Along with his appreciation of science, Brown has a sincere interest in the artisan side of the cooking process. He recently made a trip to Nashville to visit Scott Witherow of Olive and Sinclair Chocolate Co. to discover how Witherow made the journey from culinary school to chocolate-making in his home kitchen to the larger-scale-but-still-artisanal bean-to-bar process that he practices in his new facility on Fatherland Street in East Nashville.
Brown recorded the visit for a fascinating podcast that he posted on Nerdist.com. Witherow and Brown discussed the origin story of O&S and why the Nashville chef chose to use vintage equipment and methods to produce his delicious products. You can even hear the squeak of the old stone mill wheel grinding up the nibs in the background of the interview. (Headphones not recommended and you might want to remove dogs with sensitive ears from the room.)
Brown clearly knows his stuff and asked Witherow some good probing questions about the specific choices he made through the years with regard to his bean sources and methods. When I spoke to Brown last fall prior to his most recent road show visit, he was clearly impressed with Witherow's dedication to his craft, and the two riffed nicely off of each other during the interview. Scott even sent him to Grimey's to hunt down some old vinyl. He also gives hints about some new products coming down the Willy Wonka pipeline, including a salt and vinegar caramel and duck fat caramels. I'm awaiting those with bated breath!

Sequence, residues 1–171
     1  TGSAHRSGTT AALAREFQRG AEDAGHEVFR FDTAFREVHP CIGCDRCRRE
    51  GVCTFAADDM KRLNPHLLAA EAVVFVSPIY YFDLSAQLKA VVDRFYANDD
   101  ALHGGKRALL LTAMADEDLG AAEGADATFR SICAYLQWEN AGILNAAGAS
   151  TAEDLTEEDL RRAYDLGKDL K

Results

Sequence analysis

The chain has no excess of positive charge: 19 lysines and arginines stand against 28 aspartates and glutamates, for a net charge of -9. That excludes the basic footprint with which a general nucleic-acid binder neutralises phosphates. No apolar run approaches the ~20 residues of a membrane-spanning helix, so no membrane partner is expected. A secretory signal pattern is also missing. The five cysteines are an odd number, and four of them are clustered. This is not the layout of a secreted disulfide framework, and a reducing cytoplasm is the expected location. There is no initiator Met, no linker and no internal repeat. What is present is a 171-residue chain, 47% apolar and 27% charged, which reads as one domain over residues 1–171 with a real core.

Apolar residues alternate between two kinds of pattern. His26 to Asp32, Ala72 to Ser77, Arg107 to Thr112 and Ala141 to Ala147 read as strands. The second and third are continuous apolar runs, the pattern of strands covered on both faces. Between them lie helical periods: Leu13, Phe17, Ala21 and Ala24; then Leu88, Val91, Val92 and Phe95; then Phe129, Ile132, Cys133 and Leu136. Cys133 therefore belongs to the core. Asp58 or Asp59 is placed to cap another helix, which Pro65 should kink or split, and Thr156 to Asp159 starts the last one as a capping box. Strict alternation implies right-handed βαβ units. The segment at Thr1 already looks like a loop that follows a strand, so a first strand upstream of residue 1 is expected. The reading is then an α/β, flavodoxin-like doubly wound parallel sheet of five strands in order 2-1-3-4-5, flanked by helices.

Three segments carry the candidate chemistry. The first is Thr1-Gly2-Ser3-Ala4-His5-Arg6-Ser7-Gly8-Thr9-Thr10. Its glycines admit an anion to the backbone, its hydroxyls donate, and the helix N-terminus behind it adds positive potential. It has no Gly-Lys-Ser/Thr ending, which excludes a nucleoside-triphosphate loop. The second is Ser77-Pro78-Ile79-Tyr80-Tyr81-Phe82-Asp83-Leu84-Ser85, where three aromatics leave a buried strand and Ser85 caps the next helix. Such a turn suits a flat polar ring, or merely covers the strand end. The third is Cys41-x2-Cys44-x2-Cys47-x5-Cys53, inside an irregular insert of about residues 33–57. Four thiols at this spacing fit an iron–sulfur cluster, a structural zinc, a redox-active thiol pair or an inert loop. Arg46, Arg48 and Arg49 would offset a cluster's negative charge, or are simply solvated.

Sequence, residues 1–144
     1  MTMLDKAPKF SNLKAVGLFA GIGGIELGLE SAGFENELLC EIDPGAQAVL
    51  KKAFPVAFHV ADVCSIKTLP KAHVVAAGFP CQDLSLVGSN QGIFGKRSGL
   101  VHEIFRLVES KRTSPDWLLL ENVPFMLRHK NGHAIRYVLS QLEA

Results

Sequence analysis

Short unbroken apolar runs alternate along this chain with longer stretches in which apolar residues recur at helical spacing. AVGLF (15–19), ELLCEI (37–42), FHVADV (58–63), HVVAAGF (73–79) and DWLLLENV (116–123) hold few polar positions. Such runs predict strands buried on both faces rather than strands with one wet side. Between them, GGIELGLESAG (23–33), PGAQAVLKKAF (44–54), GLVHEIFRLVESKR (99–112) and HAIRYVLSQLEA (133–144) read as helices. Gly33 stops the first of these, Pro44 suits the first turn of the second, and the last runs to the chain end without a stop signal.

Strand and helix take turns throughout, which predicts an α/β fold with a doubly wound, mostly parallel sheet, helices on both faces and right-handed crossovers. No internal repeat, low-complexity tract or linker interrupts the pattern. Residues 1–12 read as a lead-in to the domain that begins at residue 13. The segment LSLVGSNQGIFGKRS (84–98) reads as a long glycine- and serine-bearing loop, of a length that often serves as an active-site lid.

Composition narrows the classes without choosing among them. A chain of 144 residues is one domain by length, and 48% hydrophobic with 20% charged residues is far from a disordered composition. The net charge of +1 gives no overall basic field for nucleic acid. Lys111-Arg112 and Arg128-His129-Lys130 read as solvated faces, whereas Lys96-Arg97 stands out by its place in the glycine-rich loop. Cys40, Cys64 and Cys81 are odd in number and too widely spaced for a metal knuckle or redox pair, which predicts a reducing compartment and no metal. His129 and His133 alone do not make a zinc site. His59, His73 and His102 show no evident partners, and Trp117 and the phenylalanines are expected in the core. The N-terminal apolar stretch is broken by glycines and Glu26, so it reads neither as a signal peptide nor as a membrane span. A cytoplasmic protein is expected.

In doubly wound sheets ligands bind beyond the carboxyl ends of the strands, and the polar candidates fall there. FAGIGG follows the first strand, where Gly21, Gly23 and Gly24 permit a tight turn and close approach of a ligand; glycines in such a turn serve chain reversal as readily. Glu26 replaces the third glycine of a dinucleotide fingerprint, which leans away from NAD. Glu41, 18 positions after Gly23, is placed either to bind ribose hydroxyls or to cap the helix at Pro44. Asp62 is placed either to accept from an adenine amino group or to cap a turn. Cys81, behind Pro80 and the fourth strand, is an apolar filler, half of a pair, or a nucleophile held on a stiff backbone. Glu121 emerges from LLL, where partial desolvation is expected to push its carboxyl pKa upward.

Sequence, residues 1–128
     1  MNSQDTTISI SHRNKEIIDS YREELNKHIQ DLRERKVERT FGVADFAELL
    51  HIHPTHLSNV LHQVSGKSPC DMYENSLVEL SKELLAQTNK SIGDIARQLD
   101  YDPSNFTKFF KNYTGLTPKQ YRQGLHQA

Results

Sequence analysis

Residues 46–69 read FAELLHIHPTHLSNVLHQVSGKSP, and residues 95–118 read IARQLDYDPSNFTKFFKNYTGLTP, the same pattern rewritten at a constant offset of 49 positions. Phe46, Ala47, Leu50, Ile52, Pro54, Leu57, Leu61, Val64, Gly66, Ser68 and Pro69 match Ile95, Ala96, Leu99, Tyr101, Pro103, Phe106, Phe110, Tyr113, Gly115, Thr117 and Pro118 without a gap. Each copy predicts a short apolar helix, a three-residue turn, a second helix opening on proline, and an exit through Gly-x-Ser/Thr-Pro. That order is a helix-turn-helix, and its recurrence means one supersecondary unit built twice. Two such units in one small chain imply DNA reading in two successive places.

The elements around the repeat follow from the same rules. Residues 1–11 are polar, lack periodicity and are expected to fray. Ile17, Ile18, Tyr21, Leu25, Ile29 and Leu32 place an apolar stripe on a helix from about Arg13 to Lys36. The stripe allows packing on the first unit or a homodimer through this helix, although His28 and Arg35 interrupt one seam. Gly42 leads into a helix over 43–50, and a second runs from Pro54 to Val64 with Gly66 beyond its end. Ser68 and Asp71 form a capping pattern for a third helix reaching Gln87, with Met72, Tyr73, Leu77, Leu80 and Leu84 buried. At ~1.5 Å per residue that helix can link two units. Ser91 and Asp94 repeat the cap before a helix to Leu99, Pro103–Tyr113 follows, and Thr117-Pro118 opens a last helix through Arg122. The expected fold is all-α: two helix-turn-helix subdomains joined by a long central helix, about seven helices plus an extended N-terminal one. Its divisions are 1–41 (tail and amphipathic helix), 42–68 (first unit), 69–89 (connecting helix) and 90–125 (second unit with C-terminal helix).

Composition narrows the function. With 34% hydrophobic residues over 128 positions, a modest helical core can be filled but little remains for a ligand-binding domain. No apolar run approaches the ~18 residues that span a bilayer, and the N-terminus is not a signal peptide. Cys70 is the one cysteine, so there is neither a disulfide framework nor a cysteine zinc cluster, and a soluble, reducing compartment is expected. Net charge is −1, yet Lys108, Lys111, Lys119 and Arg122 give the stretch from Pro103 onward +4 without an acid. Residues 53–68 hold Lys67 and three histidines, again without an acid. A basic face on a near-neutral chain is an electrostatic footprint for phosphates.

Another local podcast that kicked off recently also has a culinary component. Nashville Unleashed is a Web series produced by two singer-songwriters named (I'm not kidding) Jack and Diane. They cover local issues revolving around music, pop culture, a little bit of pastoral inspiration and wine and cuisine. The culinary portion is produced by local food and wine blogger Lisa Mays, who publishes at her own blog, Wine with Lisa. She presents new recipes in each episode and offer wine pairings for each dish.
Mays also covers restaurant news and invites guests into the kitchen to cook with her. You might even see a few familiar faces from the Bites blog showing off their culinary chops in upcoming episodes. The first few episodes have ranged from about a half-hour to 45 minutes, so skip that sitcom that you can't figure out why you're still watching it and give Nashville Unleashed a try.